I do like to reflect ideas and inspirations from my working life (and sometimes from my family life) into my work Blog. But how can I find inspiration when the first act of the working week is met with:
‘shortage of train crew availability’.
I managed to get up and out of bed but it appears that someone else either did not want to or couldn’t. It was a big shame for the train load of people that then had to squash into the next train. Like the person who breaks down on the motorway and holds up thousands of people while they are towed off. Clearly it’s tough for the individuals concerned but the impact is out of all proportion to their difficulty or illness.
What can ‘brittle’ transport systems teach us about decision-making?
What happens at work if a lot of people are waiting on a decision? A re-location, or a pay deal or an investment decision? What pressure does that create on the decision-maker? How does that pressure aid or impeded their ability to decide? Sometimes the pressure means they go with the ‘popular’ option or go without the full analysis being done. Sometimes the pressure goes the other way and they might retreat and say ‘no’ if they feel boxed in.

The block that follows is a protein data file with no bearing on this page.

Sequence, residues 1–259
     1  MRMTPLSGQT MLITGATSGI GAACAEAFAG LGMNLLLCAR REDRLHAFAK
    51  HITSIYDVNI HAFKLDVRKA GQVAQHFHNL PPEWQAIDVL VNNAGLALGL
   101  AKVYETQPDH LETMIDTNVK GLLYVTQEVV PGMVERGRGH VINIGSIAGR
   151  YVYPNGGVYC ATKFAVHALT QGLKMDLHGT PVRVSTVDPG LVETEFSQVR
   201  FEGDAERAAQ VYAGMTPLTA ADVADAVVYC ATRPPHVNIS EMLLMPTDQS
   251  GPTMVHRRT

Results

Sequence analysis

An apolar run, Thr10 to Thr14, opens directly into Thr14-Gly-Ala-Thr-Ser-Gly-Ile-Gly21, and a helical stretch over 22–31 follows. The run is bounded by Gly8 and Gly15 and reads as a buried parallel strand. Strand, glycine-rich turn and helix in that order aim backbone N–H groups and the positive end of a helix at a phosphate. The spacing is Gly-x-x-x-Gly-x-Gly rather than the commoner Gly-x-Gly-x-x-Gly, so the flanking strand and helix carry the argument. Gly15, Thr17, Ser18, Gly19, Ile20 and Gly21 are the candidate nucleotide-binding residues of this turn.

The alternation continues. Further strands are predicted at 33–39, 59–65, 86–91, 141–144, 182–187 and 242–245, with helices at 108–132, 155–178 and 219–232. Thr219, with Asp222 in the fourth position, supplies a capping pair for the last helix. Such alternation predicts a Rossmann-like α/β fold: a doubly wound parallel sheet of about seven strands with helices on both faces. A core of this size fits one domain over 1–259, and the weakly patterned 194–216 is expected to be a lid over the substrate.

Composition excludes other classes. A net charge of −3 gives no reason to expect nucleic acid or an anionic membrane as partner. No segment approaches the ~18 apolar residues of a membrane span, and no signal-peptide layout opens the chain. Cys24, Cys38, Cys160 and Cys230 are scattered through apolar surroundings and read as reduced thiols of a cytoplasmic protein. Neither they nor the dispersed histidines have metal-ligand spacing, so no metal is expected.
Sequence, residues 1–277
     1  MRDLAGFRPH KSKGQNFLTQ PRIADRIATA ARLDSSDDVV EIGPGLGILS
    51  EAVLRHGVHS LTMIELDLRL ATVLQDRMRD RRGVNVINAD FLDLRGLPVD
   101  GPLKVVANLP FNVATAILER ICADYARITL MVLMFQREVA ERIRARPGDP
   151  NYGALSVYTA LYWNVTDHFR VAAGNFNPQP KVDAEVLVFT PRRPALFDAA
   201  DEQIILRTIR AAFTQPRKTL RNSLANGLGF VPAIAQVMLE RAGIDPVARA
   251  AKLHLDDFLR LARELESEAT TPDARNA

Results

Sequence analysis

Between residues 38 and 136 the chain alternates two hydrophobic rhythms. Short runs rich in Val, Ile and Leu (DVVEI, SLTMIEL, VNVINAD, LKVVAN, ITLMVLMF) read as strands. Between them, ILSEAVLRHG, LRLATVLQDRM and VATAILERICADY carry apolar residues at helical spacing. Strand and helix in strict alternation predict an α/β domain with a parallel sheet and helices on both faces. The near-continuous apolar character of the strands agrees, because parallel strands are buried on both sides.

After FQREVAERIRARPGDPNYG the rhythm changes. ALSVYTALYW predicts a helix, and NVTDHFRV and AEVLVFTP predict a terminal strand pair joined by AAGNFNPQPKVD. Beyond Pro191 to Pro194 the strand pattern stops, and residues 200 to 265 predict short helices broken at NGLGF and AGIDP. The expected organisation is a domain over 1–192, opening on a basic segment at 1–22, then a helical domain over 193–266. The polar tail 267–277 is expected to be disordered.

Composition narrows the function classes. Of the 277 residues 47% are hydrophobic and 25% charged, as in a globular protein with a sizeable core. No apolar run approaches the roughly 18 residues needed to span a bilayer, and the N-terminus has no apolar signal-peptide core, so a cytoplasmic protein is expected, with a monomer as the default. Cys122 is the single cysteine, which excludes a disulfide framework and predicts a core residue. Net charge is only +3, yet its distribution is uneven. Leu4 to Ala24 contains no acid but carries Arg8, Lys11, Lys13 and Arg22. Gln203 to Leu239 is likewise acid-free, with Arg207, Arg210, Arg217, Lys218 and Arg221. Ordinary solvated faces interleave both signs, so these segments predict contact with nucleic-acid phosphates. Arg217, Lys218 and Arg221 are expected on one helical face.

So how do we avoid the;
‘cancellation of decision due to lack of small bit of information’
How about we:
- Look ahead….
- Plan the effort and activity required to support the decision
- Work out who can deputise and when (keep those trains running…)
- Design an explicit evaluation framework – so we know what information or aspects are we waiting for?
- Rehearse the ‘Three Treatments’ of risk;
- Remove the risk
- Mitigate the risk
- Accept the risk
So the next time your week starts with an unwelcome delay (possibly tomorrow!) – you could do worse that use that time to reflect on how to lift the performance bar in your own organisational processes around decision-making.
Happy strike dodging.